Thursday, May 08, 2008

Yesterday in Steyn

Attended last night's interview and book signing at the Manulife Indigo and thought I'd relay a couple of observations as they relate to the Steyn-in-Toronto phenomenon thus far:

The moment at which I realized the interview between Heather Reisman and Mark Steyn was going to be, shall we say, an odd one, occurred within the first twenty seconds of the event. Ms. Reisman's opening palaver ran something like this:
Can we, for a moment, set aside the discussion of your book and the various controversies that you are involved in to talk about the Democratic Nomination Race? It is, I think you'll agree, one of the most exciting times ever in the United States, indeed in the whole history of the world, and I was just wondering how much you, Mark Steyn, admire the two candidates?
This is to exaggerate very, very little. A palpably uneasy feeling ran through the audience at this point: does this woman have any idea who she's talking to?

Well, suffice it to say that she very clearly didn't, as the talk went on and on pretty much in that vein--resulting in one of the more unintentionally funny interviews I've ever seen (if extremely annoying given that I came more for what was intended). When Mr. Steyn was given the opportunity to speak--between the rambling, paper cut-out insights delivered semi-intelligibly by Ms. Reisman in her best approximation of Oprah Winfrey--he was engaging and enlightening. But the event would've been far more accurately described (at least for the first forty minutes) as an interview between Heather Reisman and herself, with Mark Steyn standing-in in a kind of Ed McMahon capacity.

Kathy Shaidle sums it up fairly handily thus: "[Heather Reisman]. Does. Not. Get. It."

No she doesn't. But I thought this extraordinary demonstration of just how much people like Heather Reisman don't get it extremely instructive. The thing to be taken from this--and the thing to be taken from the outstandingly moderated debate between Steyn and the Osgoode 3 on Tuesday night--is not that the bog-standard of left-liberals disagree with the arguments put forward by such as Mark Steyn, but that they don't understand them at the most basic level.

How else to explain Ms. Reisman's--not disgust, not principled disagreement--but utter mystification at Steyn's suggestion that the EU be dissolved? Pace Seraphic Single, Ms. Reisman's wasn't outrage at the suggestion, it was complete incomprehension.

This will, of course, strike some people as depressing--it certainly did me at first--but I think there is something to be hoped for from it too. I doubt I'm the only person thinking that the shining light from Tuesday night's Agenda was not Mark Steyn, but Steve Paikin. Now, Mr. Paikin, as I understand it, is not a conservative in any sense of the term, but he is that very rare breed (amongst liberals, and even conservatives): a man of discernment. Put the wounded feelings of such as the Osgoode 3 (whose ignorance--like Ms. Reisman's--might better be described as bewilderment) next their source in the cold, hard selection of facts presented by Mark Steyn, and somebody like Mr. Paikin is going to see the imbalance and make it clear to his audience.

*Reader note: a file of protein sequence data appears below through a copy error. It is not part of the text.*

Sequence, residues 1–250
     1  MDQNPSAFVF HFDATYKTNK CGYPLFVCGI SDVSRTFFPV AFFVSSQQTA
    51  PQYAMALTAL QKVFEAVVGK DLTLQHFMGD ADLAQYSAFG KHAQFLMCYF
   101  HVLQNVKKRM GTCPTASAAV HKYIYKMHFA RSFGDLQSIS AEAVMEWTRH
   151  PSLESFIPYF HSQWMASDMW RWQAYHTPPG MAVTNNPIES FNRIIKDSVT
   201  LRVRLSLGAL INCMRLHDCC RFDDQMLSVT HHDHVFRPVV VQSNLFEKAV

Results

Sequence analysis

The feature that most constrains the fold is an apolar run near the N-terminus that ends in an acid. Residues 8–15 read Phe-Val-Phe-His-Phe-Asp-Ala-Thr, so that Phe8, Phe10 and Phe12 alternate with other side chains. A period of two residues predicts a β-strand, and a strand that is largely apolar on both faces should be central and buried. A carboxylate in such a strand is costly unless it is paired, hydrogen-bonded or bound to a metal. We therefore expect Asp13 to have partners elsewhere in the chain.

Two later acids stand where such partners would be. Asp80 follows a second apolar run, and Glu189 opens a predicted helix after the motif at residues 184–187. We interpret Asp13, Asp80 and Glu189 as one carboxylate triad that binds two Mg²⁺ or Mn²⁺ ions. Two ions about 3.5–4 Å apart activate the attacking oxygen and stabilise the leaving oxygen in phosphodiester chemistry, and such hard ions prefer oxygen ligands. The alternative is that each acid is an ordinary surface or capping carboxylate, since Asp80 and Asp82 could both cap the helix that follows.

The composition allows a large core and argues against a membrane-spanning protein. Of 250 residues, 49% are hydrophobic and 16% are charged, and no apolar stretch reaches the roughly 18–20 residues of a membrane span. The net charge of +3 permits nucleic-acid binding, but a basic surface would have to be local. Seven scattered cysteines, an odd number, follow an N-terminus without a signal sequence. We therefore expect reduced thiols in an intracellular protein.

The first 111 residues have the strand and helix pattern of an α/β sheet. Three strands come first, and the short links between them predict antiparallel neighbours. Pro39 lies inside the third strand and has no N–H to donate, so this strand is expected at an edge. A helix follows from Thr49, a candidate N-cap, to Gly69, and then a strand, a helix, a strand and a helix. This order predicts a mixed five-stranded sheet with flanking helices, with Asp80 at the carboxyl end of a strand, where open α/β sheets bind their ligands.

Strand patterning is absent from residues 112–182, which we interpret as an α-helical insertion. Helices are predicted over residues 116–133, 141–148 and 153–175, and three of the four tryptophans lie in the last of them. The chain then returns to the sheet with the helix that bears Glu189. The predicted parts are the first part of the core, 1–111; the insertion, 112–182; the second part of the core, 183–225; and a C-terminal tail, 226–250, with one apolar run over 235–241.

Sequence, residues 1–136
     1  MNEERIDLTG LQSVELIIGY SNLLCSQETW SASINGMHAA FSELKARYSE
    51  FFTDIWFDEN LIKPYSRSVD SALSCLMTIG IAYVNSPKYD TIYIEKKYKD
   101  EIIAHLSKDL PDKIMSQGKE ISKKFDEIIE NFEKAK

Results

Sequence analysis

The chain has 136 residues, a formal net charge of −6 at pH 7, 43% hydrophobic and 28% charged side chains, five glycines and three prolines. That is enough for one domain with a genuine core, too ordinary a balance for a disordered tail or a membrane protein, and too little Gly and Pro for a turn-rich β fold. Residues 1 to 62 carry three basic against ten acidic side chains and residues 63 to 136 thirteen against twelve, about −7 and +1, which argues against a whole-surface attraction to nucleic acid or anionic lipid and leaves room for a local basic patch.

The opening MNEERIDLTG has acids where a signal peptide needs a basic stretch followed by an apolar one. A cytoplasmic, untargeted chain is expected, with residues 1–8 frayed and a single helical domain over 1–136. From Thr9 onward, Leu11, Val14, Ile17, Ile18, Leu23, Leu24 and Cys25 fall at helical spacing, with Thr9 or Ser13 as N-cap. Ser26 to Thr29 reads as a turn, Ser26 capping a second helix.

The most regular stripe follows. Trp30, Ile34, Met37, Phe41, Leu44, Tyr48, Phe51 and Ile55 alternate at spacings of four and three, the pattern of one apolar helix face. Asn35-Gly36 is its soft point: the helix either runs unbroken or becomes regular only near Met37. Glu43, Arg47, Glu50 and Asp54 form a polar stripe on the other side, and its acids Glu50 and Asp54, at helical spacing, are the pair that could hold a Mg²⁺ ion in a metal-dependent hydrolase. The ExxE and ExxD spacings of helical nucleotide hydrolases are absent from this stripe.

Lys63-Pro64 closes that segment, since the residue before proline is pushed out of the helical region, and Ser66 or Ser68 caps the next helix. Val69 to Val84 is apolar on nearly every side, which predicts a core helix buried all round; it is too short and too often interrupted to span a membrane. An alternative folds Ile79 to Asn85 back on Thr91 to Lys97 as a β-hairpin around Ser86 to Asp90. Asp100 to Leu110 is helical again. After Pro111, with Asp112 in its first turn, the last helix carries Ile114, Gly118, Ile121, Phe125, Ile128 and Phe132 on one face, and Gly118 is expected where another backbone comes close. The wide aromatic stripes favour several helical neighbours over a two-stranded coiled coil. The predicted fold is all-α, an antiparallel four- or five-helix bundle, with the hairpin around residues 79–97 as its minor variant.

Which he did!

Which is to say, it would appear that conservatives still have more to have faith in in the quality of their arguments than they do in the meagre consolations offered by partisanship. And the more people hear the likes of the Osgoode 3 and Heather Reisman broadcast their basic ignorance of the rules of reasonable debate the better. For it is not conviction that we are battling here, so much as it is mere vacancy. And so long as there are Steve Paikins in the world, the imbalance between rational and non-rational argument (as distinct from irrational argument) will be evident.

So, really, it is the dearth of Steve Paikins about that should be the focus of our concern. To wit:

Shortly after Mark Steyn's appearance at Indigo, the CBC broadcast its interview between him and George Stromboul- opoulos on The Hour.

It seems to me that the most that can be said about that exchange is: 1) that Strombo managed to read as far as page 5 of America Alone; 2) that he is very very concerned that Steyn's criticisms of mass immigration "make it sound like a bad thing." God forbid that little George recognize that immigration, of itself, is a totally indifferent thing until it is made (by the participants) either "bad" or "good". And 3) failing his capacity to formulate and deliver a clear and coherent question in the form of a grammatical sentence, he was only too willing to let Mark Steyn bail him out of his blitherings, only to then smirk back perfunctory insinuations that his guest was just one of those dubious and scary right- wingers.

Canada's preoccupation with diversity, it would appear, stretches far beyond the categories of race, culture and creed. Apparently idiots should be given equal preference with competents for t.v. hosting jobs too.

But plod on, oh nation of mine. Plod on. I am, for the first time in a long time, full of hope.

UPDATE (May 9th): Got a bit of a ticking-off here, which I accept. But the point wasn't so much to give Ms. Reisman a hard time, as it was to point out that default left-liberals aren't, strictly speaking, what they appear to be. But yes, touché.